Cost and Value
As far as cost and value are concerned, these socks are considered one of the most costly items on today’s list. Now, before you are quick to judge the price - we want to reiterate how important it is to look at the value embedded in the product. In other words, look at this purchase as far as an investment - what do you get in return? Consumers get performance enhancement features, comfortability, breathability, and even numerous color options. Now, if you look at the competition, can you say the same?
This sock has a higher tab than traditional wool no-show socks, which helps with sock slipping.
Consumers can pick from a wide spectrum of different colors and designs.
These might be the most durable socks on the market today.
Made from 100% Organic Merino Wool material.
Users will find that these are slightly more costly than other products.
4. Darn Tough Hiker Micro Crew
36% is nylon, 3% is lycra spandex; all of it naturally treated against odor-causing microbs and bacteria. Mainly focused on the feet's breathability and sweat-wicking, as well as under-feet cushioning.
Darn Tough goes out of the way to avoid that type of mistake made by most sock makers; leaving a few strings of thread sticking out. Said strings will usually get caught on something and end up pulling the sock apart. True Seamless means that something like this will never happen to the socks you purchased from this company.
Cost And Value
Slightly more expensive. But this is the price to pay if you don't want quality to come from some other country. Darn Tough made sure that it's worth every penny you spend on their wool socks.
5. Wigwam Comfort Hiker
Wigwam Mills had gotten in touch with American wool spinners who get their wool from American shepherd. And their facilities are enviro-friendly and state of the art; working with utilities around the area to help cut down on the carbon footprint being left behind.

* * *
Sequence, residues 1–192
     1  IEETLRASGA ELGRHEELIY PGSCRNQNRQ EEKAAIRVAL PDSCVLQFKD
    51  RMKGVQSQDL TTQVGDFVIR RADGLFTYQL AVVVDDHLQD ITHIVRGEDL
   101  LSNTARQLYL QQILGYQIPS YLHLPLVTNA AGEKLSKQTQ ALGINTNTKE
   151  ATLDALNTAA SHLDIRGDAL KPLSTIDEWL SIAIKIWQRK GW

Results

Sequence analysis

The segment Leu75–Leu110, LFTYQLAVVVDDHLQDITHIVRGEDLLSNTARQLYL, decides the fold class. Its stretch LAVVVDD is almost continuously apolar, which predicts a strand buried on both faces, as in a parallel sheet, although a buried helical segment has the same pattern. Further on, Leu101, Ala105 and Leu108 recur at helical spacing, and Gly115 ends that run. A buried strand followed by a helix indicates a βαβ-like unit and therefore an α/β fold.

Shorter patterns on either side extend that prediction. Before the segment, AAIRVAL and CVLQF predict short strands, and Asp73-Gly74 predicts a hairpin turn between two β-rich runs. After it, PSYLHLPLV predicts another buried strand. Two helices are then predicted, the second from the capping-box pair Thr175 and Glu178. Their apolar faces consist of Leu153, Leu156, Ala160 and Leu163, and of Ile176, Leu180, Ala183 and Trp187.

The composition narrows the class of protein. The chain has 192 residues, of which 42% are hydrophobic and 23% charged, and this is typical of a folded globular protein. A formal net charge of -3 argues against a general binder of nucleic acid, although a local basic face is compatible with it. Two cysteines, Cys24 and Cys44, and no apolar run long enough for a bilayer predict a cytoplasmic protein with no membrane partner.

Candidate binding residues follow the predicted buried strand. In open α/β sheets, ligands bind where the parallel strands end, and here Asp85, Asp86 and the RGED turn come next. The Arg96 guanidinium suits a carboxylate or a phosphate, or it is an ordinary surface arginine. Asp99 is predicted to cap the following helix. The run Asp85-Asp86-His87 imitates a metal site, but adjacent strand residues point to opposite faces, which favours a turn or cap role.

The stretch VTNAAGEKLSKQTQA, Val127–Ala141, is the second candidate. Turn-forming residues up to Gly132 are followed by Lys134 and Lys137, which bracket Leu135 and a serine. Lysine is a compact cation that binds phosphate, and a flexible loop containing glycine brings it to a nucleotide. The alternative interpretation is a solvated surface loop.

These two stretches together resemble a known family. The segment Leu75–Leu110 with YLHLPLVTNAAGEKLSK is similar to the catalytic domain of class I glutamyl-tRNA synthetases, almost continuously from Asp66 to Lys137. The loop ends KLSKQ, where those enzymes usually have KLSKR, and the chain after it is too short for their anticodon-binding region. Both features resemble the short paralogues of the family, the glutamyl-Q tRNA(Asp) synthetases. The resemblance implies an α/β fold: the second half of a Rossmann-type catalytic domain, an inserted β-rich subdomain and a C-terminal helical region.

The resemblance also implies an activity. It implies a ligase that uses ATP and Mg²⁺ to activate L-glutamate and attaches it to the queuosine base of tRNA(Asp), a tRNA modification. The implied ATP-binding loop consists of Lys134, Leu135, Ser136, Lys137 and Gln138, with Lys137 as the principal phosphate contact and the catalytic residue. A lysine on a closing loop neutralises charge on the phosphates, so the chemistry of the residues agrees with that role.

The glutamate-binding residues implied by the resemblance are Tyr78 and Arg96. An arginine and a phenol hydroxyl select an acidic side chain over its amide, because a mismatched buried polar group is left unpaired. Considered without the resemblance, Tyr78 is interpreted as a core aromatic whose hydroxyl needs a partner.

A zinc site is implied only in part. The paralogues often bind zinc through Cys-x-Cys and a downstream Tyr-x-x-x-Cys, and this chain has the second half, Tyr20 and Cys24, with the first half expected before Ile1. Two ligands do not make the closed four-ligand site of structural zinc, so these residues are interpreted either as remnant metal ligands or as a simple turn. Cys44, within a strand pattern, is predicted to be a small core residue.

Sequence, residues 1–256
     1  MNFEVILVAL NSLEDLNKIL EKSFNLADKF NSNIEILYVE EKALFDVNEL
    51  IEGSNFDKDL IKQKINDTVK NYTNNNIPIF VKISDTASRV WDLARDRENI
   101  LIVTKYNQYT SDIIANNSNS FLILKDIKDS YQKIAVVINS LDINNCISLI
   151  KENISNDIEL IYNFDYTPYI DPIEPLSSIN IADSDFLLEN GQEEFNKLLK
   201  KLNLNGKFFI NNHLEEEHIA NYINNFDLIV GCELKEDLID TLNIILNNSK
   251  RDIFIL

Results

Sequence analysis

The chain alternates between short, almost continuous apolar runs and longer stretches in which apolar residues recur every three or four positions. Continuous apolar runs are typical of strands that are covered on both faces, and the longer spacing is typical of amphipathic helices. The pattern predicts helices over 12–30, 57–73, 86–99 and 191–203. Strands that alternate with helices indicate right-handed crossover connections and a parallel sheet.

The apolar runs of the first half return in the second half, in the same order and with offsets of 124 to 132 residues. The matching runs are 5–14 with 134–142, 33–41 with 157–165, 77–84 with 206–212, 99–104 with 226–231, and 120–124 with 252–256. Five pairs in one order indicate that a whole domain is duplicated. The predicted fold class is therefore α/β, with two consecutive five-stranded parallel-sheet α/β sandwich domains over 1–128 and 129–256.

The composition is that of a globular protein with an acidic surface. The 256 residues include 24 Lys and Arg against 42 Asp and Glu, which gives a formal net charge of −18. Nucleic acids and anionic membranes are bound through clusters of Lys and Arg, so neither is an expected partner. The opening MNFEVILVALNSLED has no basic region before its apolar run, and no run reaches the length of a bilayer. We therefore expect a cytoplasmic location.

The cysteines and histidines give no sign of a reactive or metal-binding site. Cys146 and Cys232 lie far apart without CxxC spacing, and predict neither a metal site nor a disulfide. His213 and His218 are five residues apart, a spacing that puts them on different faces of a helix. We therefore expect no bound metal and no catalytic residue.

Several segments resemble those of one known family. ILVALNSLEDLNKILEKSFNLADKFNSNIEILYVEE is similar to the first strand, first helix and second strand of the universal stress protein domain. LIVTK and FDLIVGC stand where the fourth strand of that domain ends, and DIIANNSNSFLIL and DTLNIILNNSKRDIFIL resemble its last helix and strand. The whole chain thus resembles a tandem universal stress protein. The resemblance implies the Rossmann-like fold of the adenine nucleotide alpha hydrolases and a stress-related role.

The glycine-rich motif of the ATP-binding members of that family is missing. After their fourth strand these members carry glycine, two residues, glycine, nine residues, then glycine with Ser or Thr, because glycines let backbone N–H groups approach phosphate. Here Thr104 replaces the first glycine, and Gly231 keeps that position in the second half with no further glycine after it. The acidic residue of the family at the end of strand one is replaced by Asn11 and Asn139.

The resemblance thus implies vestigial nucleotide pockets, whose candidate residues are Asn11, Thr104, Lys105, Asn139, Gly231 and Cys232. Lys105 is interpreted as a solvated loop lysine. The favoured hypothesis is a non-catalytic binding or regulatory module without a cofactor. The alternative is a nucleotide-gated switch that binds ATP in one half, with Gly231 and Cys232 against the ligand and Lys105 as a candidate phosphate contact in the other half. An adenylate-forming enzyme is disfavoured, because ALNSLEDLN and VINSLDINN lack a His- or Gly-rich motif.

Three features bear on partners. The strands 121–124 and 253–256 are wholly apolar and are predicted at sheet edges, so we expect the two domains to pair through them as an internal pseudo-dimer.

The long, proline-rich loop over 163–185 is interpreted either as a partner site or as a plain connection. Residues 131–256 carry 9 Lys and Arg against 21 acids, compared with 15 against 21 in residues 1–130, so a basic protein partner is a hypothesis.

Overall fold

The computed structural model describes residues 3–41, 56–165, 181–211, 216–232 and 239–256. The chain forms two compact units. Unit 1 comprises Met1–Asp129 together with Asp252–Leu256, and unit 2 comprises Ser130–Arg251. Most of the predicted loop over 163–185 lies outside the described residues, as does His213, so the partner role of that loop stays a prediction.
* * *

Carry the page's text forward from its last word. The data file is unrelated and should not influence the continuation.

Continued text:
All of the above and you'll still get a comfortable pair of wool socks to wear. 67% Merino wool, 21% nylon, 7% rubber, and 5% acrylic; these mixtures of natural and synthetic fibers create socks that will last you as long as the care you give them.
Cost And Value
Wigwam Mills' website presents their socks in several colors and styles. And at reasonable prices. But their advice about the care for them shouldn't be discounted: Turn the socks inside out before you wash them. And avoid using bleach.
- Seamless Toe Area
- Elastic Arches
- Various Colors & Styles
- Works Well In Heat & Snow
Breaks Down After Prolonged Use
Issues With Tightness
6. DG Hill Thermal Hiking
So more wool is used for these socks. But they didn't say what the other 20% is made out of. (Someone else said that it's 17% nylon, 2% spandex, and 1% elastic.) The extra-small child's size socks are listed as 60% Merino wool.
The socks have been reinforced and cushioned at the heel to extend the wear. Arch support had also been added. This type of sock has been created to deal with extreme weather conditions, but they're also good for wearing around the house.
Cost And Value
A reasonably good pair of wool socks, at a reasonable price. And they're only sold via popular stores. I want to say "buyer beware." But the positive reviews are stating something different.
- More Wool
- Comfort Top
- Wicks Moisture Away
- Issues With Material Breaking Down
7. Kirkland Signature Outdoor
Kirkland Signature, and its parent company Costco as a matter of fact, started near Seattle, Washington. So the realization sets in that they can't sell wool socks that don't work in their own home state.
Breathable, light in weight, and ultra soft. It's 70% Merino wool, 29% nylon, and 1% spandex; able to wick away moisture and keep your feet warm and comfy in all types of weather.
Cost And Value
Reasonably priced. But get them while you can if you want them. They're not listed on Costco's main website. But there are other places and websites that sell them. So get them before they're gone.
- 70% Merino Wool
- Wicks Away Moisture
- Thin Seams
- Issues With Quality
8. Danish Endurance Hiking
DANISH ENDURANCE uses 33% Merino wool, 33% acrylic, 33% polyamide, and 1% elastane in their socks; the yarn being more man-made than natural. This helps with the dexterity and durability of the socks.